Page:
36janemarieprice
Mar 30, 2012, 9:23am

I'm curious about Just Kids as well. I find both Smith and Mapplethorpe interesting but don't usually go for celebrity biographies. I think I'll check this one out though.

37ljbwell
Abr 2, 2012, 3:21pm

13. Raven Black (384 p.)

My mother had read the quartet and was going to give them away. Given the Shetlands, Scotland setting, I figured it could be a fun crime series to go through and so into the suitcase with me they went. On the whole, the 1st of the series was more or less what I expected, and that was just fine.

The story unfolds through shifting limited omniscient points of view. A brash, outspoken, not particularly popular - and not native to the islands - high school girl is found murdered a few days after Hogmanay/new year. Many on the island are convinced that the crime must have been committed by the same man who was let off the hook years before for the disappearance of an 11-year old girl. Detective Perez from Fair Isle isn't so sure, and neither is the lead of the team sent from the mainland, Detective Taylor.

Despite the usual near-breathless bookcover attestations that this is a rollercoaster ride with a surprise ending that'll keep you guessing the whole way, I will say I had it sussed fairly early on. Regardless, though, it was an enjoyable page-turner of a read: perfect for summer or travel. The back story on Perez is interesting, and the book hinted at life beyond the standard tourist image of the islands. I am, in fact, looking forward to the next one.

38ljbwell
Abr 3, 2012, 3:31pm

14. Brouillard au pont de Tolbiac (87 p., French, BD/graphic novel)

Binge buy at a bouquiniste in Paris awhile ago. Seemed a good idea at the time. The book itself didn't grab me, but I may not have concentrated enough to get anything real out of it.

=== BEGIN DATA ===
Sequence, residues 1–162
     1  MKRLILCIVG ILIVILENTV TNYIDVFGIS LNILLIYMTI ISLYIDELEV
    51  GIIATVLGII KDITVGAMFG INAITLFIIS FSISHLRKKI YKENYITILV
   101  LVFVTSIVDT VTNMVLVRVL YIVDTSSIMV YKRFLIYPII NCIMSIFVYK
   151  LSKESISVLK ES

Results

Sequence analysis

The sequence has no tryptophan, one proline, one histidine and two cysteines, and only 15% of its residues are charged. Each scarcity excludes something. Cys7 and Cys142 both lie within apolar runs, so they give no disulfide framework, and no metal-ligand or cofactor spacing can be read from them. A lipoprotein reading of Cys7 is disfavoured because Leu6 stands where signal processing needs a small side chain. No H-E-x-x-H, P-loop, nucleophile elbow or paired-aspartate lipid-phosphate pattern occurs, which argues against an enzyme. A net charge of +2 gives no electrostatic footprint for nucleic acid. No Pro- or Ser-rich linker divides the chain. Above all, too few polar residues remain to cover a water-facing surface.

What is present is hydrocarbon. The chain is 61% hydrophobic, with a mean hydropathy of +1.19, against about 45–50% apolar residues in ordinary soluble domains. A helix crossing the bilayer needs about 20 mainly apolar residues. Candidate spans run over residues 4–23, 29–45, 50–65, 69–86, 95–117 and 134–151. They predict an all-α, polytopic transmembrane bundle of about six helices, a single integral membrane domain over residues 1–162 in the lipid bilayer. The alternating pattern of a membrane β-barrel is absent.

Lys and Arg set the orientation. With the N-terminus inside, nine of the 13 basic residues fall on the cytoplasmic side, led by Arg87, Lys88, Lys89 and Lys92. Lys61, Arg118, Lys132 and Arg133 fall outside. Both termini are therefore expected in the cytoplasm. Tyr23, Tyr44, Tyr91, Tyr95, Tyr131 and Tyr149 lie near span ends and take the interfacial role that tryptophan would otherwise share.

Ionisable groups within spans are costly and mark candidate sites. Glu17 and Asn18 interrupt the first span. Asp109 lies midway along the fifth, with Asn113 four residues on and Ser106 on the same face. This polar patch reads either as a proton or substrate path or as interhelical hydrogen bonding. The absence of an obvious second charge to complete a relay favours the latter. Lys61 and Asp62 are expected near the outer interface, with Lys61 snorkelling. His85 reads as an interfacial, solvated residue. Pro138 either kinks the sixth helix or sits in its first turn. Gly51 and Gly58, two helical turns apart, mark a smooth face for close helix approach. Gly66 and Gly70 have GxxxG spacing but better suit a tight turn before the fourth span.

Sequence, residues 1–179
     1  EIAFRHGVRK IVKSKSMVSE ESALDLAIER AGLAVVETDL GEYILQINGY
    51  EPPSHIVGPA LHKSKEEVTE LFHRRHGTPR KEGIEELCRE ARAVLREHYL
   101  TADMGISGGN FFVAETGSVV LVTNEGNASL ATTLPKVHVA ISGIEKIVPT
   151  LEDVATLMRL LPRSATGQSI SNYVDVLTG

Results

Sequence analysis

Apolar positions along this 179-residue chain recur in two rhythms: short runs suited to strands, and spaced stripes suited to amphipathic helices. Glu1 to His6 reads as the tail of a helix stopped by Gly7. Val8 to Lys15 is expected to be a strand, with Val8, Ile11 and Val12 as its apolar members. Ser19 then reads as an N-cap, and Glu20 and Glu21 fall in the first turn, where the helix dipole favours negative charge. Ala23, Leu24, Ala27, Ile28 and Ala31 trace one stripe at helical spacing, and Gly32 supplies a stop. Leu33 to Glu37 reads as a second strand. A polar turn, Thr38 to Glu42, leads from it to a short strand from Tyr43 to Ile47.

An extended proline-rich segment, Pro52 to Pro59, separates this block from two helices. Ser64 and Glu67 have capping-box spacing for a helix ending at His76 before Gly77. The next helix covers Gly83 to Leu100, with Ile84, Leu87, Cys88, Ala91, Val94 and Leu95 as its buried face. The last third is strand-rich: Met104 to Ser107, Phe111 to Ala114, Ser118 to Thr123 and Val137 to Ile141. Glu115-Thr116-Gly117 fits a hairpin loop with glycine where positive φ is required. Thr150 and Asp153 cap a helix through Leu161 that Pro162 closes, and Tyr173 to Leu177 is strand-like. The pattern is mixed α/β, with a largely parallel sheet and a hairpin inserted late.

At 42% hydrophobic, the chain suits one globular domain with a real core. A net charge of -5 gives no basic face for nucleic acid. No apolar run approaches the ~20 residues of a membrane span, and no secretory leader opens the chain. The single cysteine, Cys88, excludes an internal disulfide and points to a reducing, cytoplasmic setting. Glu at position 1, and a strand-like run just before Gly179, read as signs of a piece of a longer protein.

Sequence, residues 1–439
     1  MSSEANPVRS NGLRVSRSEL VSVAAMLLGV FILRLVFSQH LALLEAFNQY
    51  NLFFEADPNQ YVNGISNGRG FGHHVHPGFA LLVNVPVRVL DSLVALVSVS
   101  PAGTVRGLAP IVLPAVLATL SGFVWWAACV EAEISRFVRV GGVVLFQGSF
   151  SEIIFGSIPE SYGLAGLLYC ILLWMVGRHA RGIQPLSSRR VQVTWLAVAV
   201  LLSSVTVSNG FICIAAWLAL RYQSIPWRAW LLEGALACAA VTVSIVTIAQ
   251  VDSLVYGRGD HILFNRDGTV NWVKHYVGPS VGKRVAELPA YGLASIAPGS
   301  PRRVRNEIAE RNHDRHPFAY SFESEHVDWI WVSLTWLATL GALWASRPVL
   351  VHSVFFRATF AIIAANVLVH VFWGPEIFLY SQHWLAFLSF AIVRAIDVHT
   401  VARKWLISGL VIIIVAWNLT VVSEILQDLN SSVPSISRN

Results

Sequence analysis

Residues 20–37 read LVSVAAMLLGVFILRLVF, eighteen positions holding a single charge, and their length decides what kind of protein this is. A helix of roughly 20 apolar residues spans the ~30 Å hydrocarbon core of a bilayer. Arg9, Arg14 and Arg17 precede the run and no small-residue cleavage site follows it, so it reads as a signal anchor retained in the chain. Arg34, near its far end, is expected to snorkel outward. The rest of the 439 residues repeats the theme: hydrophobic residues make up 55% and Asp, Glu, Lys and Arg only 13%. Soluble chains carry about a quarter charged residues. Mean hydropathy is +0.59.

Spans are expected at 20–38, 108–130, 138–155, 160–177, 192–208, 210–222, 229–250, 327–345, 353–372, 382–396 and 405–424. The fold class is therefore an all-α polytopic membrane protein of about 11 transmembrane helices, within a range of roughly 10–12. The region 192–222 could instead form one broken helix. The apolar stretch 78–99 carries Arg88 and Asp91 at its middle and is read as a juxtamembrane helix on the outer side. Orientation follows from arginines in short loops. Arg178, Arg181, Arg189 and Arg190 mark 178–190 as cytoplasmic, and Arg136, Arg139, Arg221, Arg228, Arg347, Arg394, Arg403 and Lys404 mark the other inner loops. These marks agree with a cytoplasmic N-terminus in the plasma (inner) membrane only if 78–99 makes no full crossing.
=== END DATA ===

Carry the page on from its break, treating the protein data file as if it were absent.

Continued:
1956, flashbacks, anarchists, etc etc. Sadly, I'm giving this commentary about as much attention as I gave reading it. In this case, don't blame the book, blame the reader.

39Poquette
Abr 3, 2012, 6:09pm

La Grammaire est une chanson douce sounds interesting. My French is getting very rusty and I was wondering whether this is something one could use to brush up? What say you?

40ljbwell
Abr 4, 2012, 3:54am

I love Le petit prince and I love grammar. Orsenna references other authors, including Saint-Ex, and brings life to the parts of speech.

If all that appeals, I do think it is a good one to keep up the language skills - especially because if you do like it, there are 2 or 3 more after it.

41dchaikin
Abr 5, 2012, 8:08pm

Checking out your thread for the first time. I love that you have a children's book here (just one, I think). And noting your comments and the discussion on Just Kids.

42ljbwell
Abr 6, 2012, 8:40am

Thanks! The children's book was a tough call. Still, I figured what the heck - I picked it up and read it, so add it in. Plus, it is a really sweet book and you never know who might stumble across the thread and maybe find it a good tip.

Have you read Just Kids?

43dchaikin
Abr 6, 2012, 9:38am

No, haven't read Just Kids. It has come up a lot here in CR, though.

44ljbwell
Editado: Abr 7, 2012, 1:15pm

15. Oryx and Crake by Margaret Atwood (436 p.)

Snowman is (barely) surviving in a post-apocalyptic world. Through his experiences, we learn about the beautiful and beguiling Oryx and the genius and aloof Crake. They are, in Snowman's mythology, the creators of this new world. The pre-apocalypse world is a cynical? realistic? predictive? take on where we are headed: GMO foods run amok; bio-genetic hybrid creatures created as pets, food, & organ resources; botox, plastic surgery, designer babies; pills and vaccines for everything. All part of the rush to live completely carefree and stay young forever. But at what costs? And can we truly engineer the perfect race, or will certain traits always develop, and ultimately lead to imperfection/downfall?

I particularly enjoyed language in this future, and Snowman's simultaneously reverent attempts to preserve 'old' words together with his cynical ability to create new ones. Products and companies with names like OrganInc Farms, RejoovenEsense and Paradice - all of which sound like plausible bioengineering or pharmaceutical companies (Paradice was my favorite, for its apparent play on paradise and pair-of-dice).

The Handmaid's Tale was my introduction to Atwood and, while I've loved books of hers after that, it was great to go back to another of her dystopian creations.

45ljbwell
Abr 17, 2012, 4:21pm

16. It's Time - Writing on the Wall by Pavel Kostin, translated by James Rann (260 p., translation from Russian)